My son and I have a routine for when we leave the house, as we do for most things. First we get in the car, then we put on our seat belts, then I give him gum.
Well, I don’t just give it to him. He has to ask, because we are always trying to increase his communication. The first “gum!” typically arrives even before his seat belt is secured, followed shortly by a “I need gum!” and, in the case of further delay, a piping “I need gum please!” If we have more than one type of gum I will offer him a choice, at which point he usually selects “berry gum” if we have it, then watermelon gum, then mint. He’s not entirely consistent in this decision tree though, which is a nice change of pace, and he’ll sometimes eschew the fruit and opt for the Big Red.
It’s a piece of gum per trip, you understand. If we exit and re-enter the vehicle for any reason, the routine resets and additional gum is delivered. He used to swallow any existing gum to make room for new gum, but we’ve finally broken him of that habit. Now it just accumulates over the course of the trip. If we’re running errands and make several stops, he’ll arrive home looking like a cud-chewing chipmunk.
We strive to keep the car well-stocked, because running out of gum triggers a mini-crisis. “I need gum please!” becomes “I need gum pleeeeease!”, and he continues to insert E’s at regular intervals until his demands are met.
Explaining that there is no gum is a waste of breath. When you get into the car, you get gum. Assertions to the contrary are clearly specious.
There’s no way to know for sure, but it seems as if he simply don’t understand the concept of running out of something. We see this at home as well. He’ll ask for waffles, and I’ll tell him that there’s no mix, and he rebuts with “I need waffles”. He’s not throwing a tantrum over the lack of waffles, he’s just doing what we’ve worked so hard to teach him, to verbally communicate his desires. When that doesn’t work, he try, tries again. Sooner or later I’ll get the hint and produce some waffles, he seems to think.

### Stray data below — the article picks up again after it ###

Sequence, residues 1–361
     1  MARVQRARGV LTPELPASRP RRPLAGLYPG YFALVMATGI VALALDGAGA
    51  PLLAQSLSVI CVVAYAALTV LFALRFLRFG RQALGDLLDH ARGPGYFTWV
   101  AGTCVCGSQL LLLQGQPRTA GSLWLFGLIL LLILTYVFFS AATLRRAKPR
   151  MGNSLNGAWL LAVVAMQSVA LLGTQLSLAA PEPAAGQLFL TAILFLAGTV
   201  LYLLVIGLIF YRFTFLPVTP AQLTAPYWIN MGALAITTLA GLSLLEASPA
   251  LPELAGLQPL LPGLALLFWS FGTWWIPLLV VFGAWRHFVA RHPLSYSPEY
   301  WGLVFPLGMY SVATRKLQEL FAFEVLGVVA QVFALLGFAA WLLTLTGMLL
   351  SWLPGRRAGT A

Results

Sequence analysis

The first time I realized this — that my son doesn’t appear to grasp the concept of running out — I was taken aback. How weird it must be to go through life not understanding such a fundamental tenet of the world. Add to that all the other abstract principles to which he appears oblivious, and I found myself wondering why his life wasn’t a constant string of frustrations. How does he deal with all that, and still maintain his usual equanimity?
And then one day I had something of an epiphany. If my car failed to start one morning, it dawned on me, I would be as mystified as to why it wasn’t providing locomotion as my son is when it suddenly stops producing gum. I could open the hood and poke the various things therein but, knowing pretty much nothing about automotive repair, my inevitable conclusion would be that whatever magic makes the car go simply stopped working, and would take it to a mechanic. I could learn about cars, of course, but knowing that cars are knowable doesn’t mean that I know them.
Honestly, how much does any of us really understand of the world around us? Maybe you comprehend the intricacies of internal combustion, but do you know how the internet works? Or your computer? Or your mouse? Or your arm? Do you understand why we stay on Earth instead of being flung into space? And don’t just say “gravity” — that’s like asserting that gum comes from a car.
The gap between what my son understands and what I understand is insignificant next to the gap between what any of us understands and omniscience. The universe is 99% mystery to us all.
Wondering how my son copes with all that he doesn’t understand is no different than wondering how I, or how any of us, cope with all we don’t understand. And curiously, the answer to that question is just one more thing that we somehow manage to survive without knowing.